Earlier this year, we blogged on federal legislative efforts to amend the Computer Fraud and Abuse Act (“CFAA”) following the death of computer activist Aaron Swartz. These efforts were spearheaded by Representative Zoe Lofgren (D-CA), who released her discussion draft of proposed amendments to the CFAA on January 15, 2013 on Reddit. Lofgren’s January draft sought to modify the definition of “exceeds authorized access” so that those who only violate, for example, a computer use policy or internet terms of service cannot be held liable under the CFAA.
On Thursday, June 20, Representative Lofgren and Senator Ron Wyden (D-OR) formally introduced companion bills in both the House and Senate seeking to amend the CFAA. According to Senator Wyden’s website, these amendments seek to eliminate “vagueness” and “redundant provisions” from the CFAA and “establish that a mere breach of terms of service, employment agreements, or contracts are not automatic violations of the CFAA.” Additionally, with the nickname “Aaron’s Law,” they also seek to limit what some see as the CFAA’s tendency to allow for overzealous prosecution that they claim characterized Aaron Swartz’s case.
As before, both bills seek to clarify the meaning of “exceeds authorized access” by striking it and replacing it with the phrase “access without authorization,” which is defined to mean
- “to obtain information on a protected computer”;
- “that the accesser lacks authorization to obtain”; and
- “by knowingly circumventing one or more technological or physical measures that are designed to exclude or prevent unauthorized individuals from obtaining that information.”
Both bills also propose amendments to the definition of punishable offenses under the CFAA by inserting a requirement that offenses committed for commercial advantage or private financial gain must also involve information that has a market value over $5,000.
Lofgren and Wyden said in their opinion piece for Wired that, “Aaron’s Law is not just about Aaron Swartz, but rather about refocusing the law away from common computer and Internet activity and toward damaging hacks.”
Opinions are split on how successful these proposed amendments will be. On the one hand, previous efforts to amend the CFAA in April 2013 failed after there was significant opposition from both the left and the right. Those proposed amendments to the CFAA, however, are not similar to what is currently in front of Congress. The Justice Department has previously been against amendments to the CFAA that would significantly narrow the Act’s scope. It recently obtained the conviction of David Nosal under the CFAA in San Francisco, California (the conviction has been appealed to the Ninth Circuit). Additionally, Richard Downing, Deputy Section Chief for Computer Crime and Intellectual Property, told the House in 2011 that removing key parts of the CFAA “could make it difficult or impossible to deter and punish serious threats from malicious insiders.”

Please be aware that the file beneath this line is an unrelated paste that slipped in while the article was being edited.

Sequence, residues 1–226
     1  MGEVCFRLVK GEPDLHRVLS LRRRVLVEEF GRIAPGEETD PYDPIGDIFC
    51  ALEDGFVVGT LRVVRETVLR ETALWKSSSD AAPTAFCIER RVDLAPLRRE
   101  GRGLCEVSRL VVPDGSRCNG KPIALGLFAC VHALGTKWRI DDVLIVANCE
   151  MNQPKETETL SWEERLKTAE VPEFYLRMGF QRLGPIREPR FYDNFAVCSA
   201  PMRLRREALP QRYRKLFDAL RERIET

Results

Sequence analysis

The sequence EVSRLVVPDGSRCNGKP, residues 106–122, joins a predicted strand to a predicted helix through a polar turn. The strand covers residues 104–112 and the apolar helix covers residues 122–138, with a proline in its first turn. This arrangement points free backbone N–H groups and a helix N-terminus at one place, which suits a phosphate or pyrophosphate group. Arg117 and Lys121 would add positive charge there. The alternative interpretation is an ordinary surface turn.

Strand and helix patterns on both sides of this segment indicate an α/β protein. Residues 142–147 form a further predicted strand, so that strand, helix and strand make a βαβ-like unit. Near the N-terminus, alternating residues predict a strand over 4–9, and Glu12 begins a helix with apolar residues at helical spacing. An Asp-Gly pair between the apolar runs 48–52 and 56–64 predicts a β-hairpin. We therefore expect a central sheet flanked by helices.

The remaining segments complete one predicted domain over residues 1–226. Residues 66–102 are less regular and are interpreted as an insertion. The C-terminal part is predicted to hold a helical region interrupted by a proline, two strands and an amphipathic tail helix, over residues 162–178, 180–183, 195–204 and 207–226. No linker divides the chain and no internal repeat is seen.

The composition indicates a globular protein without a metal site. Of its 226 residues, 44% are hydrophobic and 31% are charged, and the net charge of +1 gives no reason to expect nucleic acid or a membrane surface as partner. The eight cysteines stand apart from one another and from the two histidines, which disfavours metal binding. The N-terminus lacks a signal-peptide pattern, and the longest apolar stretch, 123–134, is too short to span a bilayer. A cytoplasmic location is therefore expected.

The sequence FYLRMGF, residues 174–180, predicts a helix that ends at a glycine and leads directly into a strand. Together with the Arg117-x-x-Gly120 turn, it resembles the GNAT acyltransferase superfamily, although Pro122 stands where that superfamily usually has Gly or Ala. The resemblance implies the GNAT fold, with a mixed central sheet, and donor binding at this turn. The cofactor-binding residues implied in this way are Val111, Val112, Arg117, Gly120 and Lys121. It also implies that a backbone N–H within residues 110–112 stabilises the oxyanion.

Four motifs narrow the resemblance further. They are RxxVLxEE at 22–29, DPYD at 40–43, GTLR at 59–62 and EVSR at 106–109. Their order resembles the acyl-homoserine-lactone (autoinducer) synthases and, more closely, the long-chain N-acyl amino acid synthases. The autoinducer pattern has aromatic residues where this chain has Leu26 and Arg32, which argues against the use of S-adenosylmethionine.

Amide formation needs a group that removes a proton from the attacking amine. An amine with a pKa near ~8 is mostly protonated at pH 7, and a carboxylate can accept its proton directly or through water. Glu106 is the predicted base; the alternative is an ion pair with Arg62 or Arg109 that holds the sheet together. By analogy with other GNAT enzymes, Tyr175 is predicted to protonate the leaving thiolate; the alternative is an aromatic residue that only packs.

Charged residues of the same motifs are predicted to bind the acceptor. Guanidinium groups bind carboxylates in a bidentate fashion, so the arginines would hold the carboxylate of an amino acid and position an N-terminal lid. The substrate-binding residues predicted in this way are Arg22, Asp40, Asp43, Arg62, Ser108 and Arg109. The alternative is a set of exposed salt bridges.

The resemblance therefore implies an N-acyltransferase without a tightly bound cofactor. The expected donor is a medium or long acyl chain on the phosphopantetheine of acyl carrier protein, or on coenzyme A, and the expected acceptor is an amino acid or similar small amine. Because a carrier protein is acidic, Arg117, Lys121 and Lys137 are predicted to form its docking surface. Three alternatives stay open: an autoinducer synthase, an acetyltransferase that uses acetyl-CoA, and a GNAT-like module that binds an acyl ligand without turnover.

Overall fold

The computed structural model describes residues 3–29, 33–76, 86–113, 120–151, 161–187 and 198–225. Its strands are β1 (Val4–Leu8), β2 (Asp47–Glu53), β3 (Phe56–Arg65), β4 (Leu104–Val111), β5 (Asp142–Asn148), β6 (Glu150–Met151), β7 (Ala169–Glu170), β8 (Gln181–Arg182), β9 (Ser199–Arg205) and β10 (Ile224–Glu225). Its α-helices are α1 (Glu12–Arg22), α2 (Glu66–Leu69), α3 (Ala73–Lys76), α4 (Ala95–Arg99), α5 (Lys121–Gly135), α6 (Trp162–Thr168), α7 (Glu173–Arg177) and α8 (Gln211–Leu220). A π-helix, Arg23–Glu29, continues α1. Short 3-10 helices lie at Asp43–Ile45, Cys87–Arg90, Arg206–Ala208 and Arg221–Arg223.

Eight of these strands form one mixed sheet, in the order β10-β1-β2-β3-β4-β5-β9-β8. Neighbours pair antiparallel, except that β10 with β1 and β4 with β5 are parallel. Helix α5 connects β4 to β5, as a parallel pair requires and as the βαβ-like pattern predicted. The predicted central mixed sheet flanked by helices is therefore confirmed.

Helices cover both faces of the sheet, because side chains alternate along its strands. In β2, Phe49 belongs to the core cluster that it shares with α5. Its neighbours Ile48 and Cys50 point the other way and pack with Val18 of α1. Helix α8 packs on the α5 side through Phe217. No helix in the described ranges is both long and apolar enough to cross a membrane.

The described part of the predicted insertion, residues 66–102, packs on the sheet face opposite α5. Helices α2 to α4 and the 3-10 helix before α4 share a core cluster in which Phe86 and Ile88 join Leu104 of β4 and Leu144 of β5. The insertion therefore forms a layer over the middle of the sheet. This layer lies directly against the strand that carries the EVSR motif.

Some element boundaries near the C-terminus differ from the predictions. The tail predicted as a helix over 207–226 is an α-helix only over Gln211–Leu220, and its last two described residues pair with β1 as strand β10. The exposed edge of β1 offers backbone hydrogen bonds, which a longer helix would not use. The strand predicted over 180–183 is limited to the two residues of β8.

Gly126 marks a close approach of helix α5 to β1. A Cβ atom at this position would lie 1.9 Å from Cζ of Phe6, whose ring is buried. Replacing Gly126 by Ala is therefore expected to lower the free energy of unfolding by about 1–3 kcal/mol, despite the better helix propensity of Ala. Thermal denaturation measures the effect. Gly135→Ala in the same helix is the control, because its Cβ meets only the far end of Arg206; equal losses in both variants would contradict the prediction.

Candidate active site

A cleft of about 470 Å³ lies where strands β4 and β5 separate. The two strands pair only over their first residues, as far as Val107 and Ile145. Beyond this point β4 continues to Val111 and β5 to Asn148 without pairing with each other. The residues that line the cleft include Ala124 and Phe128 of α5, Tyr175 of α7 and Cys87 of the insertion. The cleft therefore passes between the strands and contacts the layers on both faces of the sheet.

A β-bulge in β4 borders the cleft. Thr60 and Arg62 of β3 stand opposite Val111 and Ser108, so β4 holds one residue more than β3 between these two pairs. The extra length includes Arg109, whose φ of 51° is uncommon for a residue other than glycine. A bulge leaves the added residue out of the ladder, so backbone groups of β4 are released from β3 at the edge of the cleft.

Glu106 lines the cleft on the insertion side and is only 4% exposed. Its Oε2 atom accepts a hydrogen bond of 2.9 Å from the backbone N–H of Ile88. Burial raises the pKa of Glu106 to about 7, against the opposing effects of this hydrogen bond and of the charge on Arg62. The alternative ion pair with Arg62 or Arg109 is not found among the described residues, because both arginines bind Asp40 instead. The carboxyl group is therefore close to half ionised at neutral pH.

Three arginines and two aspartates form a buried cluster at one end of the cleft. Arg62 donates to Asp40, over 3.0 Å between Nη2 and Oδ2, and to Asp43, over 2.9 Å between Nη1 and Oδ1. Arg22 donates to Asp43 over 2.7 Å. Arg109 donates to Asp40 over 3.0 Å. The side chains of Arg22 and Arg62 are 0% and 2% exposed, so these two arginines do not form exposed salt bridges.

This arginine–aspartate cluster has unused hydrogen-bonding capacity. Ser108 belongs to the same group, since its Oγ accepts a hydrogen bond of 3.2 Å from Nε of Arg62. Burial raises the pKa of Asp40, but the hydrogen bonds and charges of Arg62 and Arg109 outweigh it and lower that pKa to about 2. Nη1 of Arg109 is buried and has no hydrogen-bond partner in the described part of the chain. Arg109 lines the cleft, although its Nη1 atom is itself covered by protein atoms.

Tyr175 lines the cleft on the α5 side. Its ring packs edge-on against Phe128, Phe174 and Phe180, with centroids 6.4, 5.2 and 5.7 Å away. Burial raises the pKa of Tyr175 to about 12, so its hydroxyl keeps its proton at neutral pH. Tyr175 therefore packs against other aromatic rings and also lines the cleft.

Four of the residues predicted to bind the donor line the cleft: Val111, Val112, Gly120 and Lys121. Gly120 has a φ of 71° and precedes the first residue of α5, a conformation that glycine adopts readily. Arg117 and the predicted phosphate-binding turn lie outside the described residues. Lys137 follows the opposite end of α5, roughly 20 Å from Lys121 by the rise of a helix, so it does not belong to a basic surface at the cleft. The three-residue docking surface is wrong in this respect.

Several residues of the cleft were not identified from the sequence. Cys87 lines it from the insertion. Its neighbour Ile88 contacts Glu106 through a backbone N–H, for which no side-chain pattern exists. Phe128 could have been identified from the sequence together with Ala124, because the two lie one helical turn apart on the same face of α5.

BSA Software Alliance has come out against the proposed legislation, arguing that it would force companies to build additional security mechanisms into their networks and systems to adequately protect them from unauthorized parties. “Everyone agrees that lying about your age on Facebook shouldn’t be a felony, but Aaron’s Law is a flawed solution to that problem,” Tim Molino, BSA’s director of government relations, reportedly said in a statement. “Tying liability to theft that involves ‘knowingly circumventing technological or physical measures’ is out of step with the technology innovations driving today’s economy. It would compel many companies to erect new technical protection measures throughout their networks and support systems, reversing a trend that has contributed the growth of cloud computing, software as a service, and on-demand support.”
Additionally, with the highly publicized omnipresent cybersecurity threat and recent high profile employee data theft cases, there may not be significant momentum to drastically change the CFAA, particularly with the Obama Adminstration focused on addressing the cybersecurity threat. Echoing those sentiments, Molino reportedly said the bill is “especially troubling at a time when hacking and intellectual property theft are rampant — weakening cybercrime laws would be like handing out keys to the castle.”
On the other hand, however, advocacy groups have come out in vocal support of Lofgren’s and Wyden’s bills. The Center for Democracy and Technology and Demand Progress have both issues recent statements applauding Aaron’s Law for “prevent[ing] the government from using the Computer Fraud and Abuse Act (CFAA) to prosecute mere terms-of-service violations as computer crimes, and prevent prosecutors from bringing multiple redundant charges based on a single crime.” Further, the Electronic Frontier Foundation has also been a vocal supporter of the proposed amendments, stating that, “(t)he CFAA was originally intended to cover the hacking of defense department and bank computers, but it’s been expanded so that it now covers virtually every computer on the Internet while meting out disproportionate penalties for virtual crimes. We’ve written extensively about the need for CFAA reform and Aaron’s Law is a great first step.” Additionally, with the recent NSA and Snowden kerfuffle, there may be public support for limitations on the CFAA, including limiting its use for pure hacking scenarios.
How this will play out is anyone’s guess. What started with a circuit split after the Ninth Circuit’s decision in U.S. v. Nosal has grown into a hot-button topic for everyone from civil rights activists to technology lobbying organizations to employers looking to protect their data.